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Bookkeeping and Accounting

Cost Accounting – Concept, Objectives, Types & Methods

An organisation can become more cost-effective by using a variety of methods in cost accounting. In this, we will learn more about the cost concept in accounting.

The Cost Concept in Accounting is used in business to track, analyse, add up, and evaluate the costs associated with a company’s processes, services, products, or other activities. This enables the organisation in cost management, strategic planning, and decision-making for increased cost-effectiveness.

These financial reports and ledgers allow managers access to their expense data. The management understands where to limit costs and increase more, which aids in developing a vision and long-term strategy. Different cost accounting methodologies exist, including lean accounting, activity-based costing, Standard cost accounting, and marginal costing.

Objectives of Cost Accounting

The goal of cost accounting is to identify the processes used for recording, categorizing, and allocating expenses for supplies, salaries, and overhead. This is essential to ensure that the

The price of goods and services can be determined with accuracy. As a result, the following are cost accounting’s major objectives:

  • Finding out how much each of the many items a company manufactures costs per unit.
  • To accurately assess the costs of the operations and the process.
  • The preparation of reports that may be required to control such wastage, including the disclosure of causes for waste of time, money, or equipment utilization.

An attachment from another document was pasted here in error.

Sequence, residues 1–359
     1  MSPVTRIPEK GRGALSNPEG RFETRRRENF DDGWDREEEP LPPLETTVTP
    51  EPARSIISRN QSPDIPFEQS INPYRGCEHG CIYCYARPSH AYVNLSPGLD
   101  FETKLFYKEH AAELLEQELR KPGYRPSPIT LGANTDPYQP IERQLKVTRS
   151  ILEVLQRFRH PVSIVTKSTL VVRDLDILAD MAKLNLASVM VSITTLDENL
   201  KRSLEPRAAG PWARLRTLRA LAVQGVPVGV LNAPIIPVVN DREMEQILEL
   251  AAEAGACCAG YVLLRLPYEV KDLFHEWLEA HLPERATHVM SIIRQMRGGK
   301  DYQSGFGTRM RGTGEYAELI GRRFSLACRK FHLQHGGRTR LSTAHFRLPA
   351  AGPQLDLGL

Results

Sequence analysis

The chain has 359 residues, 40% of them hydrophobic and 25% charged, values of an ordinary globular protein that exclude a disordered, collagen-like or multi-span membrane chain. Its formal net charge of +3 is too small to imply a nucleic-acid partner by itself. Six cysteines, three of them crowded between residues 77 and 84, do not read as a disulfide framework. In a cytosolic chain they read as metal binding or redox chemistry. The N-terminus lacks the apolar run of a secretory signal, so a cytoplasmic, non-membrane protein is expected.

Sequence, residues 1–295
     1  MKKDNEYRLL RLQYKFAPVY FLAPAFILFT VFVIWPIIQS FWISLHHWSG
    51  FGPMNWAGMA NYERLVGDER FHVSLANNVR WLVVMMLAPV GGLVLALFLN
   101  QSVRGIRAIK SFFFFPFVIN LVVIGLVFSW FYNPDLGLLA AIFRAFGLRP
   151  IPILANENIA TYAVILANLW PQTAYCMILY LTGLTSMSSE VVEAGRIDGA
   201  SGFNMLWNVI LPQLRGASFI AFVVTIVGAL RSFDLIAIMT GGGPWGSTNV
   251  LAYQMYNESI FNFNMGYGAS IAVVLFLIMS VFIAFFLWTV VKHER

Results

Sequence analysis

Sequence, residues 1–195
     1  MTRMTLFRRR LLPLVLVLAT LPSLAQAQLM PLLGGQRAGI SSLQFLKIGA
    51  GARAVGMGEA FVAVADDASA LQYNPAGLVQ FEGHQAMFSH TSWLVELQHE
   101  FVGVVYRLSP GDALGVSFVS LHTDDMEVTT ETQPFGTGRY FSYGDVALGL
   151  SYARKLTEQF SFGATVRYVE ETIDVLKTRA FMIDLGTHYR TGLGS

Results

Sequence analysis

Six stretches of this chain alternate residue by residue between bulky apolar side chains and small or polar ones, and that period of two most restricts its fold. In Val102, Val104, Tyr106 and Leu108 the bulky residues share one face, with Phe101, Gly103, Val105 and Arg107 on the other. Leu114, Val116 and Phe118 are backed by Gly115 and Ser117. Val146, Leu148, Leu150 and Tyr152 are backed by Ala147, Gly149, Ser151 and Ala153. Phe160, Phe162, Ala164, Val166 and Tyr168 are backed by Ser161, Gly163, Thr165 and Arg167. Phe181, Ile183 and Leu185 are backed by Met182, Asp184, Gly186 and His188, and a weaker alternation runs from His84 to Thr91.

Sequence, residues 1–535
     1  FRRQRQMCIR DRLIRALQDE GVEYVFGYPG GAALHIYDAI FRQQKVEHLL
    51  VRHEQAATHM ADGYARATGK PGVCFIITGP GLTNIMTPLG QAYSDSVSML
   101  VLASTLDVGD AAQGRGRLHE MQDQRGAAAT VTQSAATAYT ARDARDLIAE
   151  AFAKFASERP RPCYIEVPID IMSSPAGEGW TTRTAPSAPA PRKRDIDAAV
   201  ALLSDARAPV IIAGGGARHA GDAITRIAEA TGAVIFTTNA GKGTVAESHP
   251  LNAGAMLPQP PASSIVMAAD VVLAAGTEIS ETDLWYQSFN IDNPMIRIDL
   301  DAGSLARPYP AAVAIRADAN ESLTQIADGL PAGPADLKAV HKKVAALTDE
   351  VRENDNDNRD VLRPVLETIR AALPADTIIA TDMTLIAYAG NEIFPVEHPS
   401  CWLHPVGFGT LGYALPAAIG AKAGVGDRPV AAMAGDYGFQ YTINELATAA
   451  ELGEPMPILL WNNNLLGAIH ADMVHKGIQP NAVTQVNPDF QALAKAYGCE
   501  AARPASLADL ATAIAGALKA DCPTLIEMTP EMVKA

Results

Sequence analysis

• Provide the necessary information and aid in determining the cost of the goods produced or the services provided.
  • Control raw material, work-in-progress, consumable, and completed goods inventories well to reduce the amount of capital invested in them.
  • For management planning, decision-making, and control, present and understand data.
  • Assistance with budget creation and budgetary management execution.
  • Help the management create and implement incentive bonus plans based on productivity and cost savings.
  • Organisation of cost-cutting initiatives with the assistance of several departmental managers.
  • To offer specialised cost audit services to stop fraud and errors.
  • To help management receive accurate and timely information.
  • The process of calculating costing profit or loss by tying sales revenues to the costs of the goods or services from which they were generated.

Types of Cost

It is crucial to first comprehend the different forms of costs before beginning to analyse the various costs.

  • Fixed cost: Costs that are fixed regardless of changes in production, process, or projects are known as fixed costs. For instance, in a manufacturing facility, the office staff’s salaries are fixed regardless of productivity
  • Variable cost: Costs that are subject to variation due to changes in production, process, or project. For instance, the cost of materials and labour in a company that manufactures goods will depend on the volume of work
  • Opportunity cost is the price paid for choosing one course of action over another. For instance, choosing to make the toy “Dancing Monkey” in a toy manufacturing facility with limited labour hours and materials will prevent the production of the “Spinning top”. Therefore, the company must take into account the profit of the toy “Spinning top” that it forgoes when evaluating the toy “Dancing Monkey’s” profitability
  • Sunk costs are expenses that have been incurred but cannot be reversed. To continue with our toy manufacturing unit example, Sunk costs would be expenses for machinery that have already been paid.
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Types of Cost Accounting

  • Standard Cost Accounting:

To compare how effectively labour and materials are being used to produce goods and services under normal circumstances, this sort of cost accounting uses a variety of ratios. The fact that standard cost accounting stresses labour efficiency despite the fact that labour costs represent a small portion of costs in contemporary businesses is one of its problems